The local, decentralized protests, filmed and written about in hundreds of local press, are now more important because of the lack of extensive national news coverage of the protests. As alternative press – including blogs – have documented, there is indeed a mainstream blackout of antiwar protests – despite the overwhelming majorities in polls who are against the war -. This “blackout” is signified by the lack of lead-up stories on the antiwar events, no significant reporting of the events themselves – although they’re mentioned -, no reports on how widespread they were, and finally, by a lack of indepth analysis of the antiwar movement – what it all means.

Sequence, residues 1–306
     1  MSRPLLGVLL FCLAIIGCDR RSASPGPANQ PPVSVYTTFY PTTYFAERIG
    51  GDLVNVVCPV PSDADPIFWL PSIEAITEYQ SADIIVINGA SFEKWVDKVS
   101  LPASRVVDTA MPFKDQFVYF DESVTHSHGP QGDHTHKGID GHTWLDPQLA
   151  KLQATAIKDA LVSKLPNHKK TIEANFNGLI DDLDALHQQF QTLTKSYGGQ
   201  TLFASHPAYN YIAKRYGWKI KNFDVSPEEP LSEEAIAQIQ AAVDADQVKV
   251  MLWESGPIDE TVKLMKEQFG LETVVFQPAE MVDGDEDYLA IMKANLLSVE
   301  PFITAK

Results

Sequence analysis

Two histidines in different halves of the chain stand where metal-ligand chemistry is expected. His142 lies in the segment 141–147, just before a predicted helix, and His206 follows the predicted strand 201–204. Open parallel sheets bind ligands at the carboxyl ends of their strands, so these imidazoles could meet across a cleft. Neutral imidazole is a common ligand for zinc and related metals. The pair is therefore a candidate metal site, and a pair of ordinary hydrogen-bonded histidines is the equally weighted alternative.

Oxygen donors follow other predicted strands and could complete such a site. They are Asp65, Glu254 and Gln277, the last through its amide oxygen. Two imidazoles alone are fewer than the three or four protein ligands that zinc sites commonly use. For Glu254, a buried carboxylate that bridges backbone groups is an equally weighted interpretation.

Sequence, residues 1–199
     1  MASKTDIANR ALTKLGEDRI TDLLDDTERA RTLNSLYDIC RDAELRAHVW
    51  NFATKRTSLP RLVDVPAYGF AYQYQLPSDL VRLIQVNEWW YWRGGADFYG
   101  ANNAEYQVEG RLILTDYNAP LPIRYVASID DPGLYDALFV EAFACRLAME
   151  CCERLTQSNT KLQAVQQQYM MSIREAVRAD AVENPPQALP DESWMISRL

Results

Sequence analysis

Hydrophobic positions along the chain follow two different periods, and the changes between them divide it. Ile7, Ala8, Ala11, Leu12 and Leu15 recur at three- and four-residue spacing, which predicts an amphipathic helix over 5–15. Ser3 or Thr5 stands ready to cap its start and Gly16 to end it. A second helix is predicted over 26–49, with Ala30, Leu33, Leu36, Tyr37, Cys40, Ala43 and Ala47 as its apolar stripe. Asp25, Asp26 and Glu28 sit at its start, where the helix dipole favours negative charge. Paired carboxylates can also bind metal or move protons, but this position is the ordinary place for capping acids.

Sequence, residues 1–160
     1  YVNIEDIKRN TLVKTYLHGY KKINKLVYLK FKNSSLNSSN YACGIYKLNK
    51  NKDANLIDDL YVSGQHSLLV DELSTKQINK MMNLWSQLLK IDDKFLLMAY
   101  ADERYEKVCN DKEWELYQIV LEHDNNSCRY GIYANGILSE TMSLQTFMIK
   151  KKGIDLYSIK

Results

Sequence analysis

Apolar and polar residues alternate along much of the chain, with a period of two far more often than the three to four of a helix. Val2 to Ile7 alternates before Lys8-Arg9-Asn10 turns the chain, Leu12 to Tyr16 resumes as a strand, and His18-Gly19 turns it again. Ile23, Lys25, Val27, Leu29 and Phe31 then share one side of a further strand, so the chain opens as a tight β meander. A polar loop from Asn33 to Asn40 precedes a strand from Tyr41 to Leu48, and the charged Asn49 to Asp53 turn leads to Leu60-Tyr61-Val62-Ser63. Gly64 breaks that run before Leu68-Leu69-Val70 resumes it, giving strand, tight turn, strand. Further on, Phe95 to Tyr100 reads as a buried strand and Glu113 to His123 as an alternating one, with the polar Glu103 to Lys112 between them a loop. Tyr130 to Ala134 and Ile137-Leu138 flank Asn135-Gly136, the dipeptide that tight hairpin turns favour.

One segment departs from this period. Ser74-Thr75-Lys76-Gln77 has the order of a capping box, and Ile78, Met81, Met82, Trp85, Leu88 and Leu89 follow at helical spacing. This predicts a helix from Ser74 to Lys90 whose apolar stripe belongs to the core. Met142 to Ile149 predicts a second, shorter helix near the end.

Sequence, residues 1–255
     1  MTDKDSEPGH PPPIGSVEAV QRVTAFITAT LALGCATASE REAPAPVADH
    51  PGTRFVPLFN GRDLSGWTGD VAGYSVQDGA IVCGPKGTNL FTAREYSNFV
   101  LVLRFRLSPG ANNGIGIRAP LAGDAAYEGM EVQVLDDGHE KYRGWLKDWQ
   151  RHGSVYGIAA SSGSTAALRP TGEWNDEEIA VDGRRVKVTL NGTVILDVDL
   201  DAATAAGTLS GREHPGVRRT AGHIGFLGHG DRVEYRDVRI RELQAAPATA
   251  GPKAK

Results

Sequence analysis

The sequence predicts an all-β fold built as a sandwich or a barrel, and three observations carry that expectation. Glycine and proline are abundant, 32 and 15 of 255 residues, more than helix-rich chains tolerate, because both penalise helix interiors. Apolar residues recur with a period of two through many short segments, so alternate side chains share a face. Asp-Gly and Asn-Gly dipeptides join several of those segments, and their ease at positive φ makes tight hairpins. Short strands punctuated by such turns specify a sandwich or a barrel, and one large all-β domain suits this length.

With the lack of meaningful national coverage by the national media, local stations and papers have picked up some of the slack, and publish more about the local events. And despite the usual trivialization and disparagement shown by most local media reports, the message that there is a war going on, there are deaths, and there’s people opposed to it gets out. And as more local antiwar activists become media-savvy, they can learn to out maneuver the media’s manipulation.
National Networks Falter, New Groups Step Forward & Local Networks Develop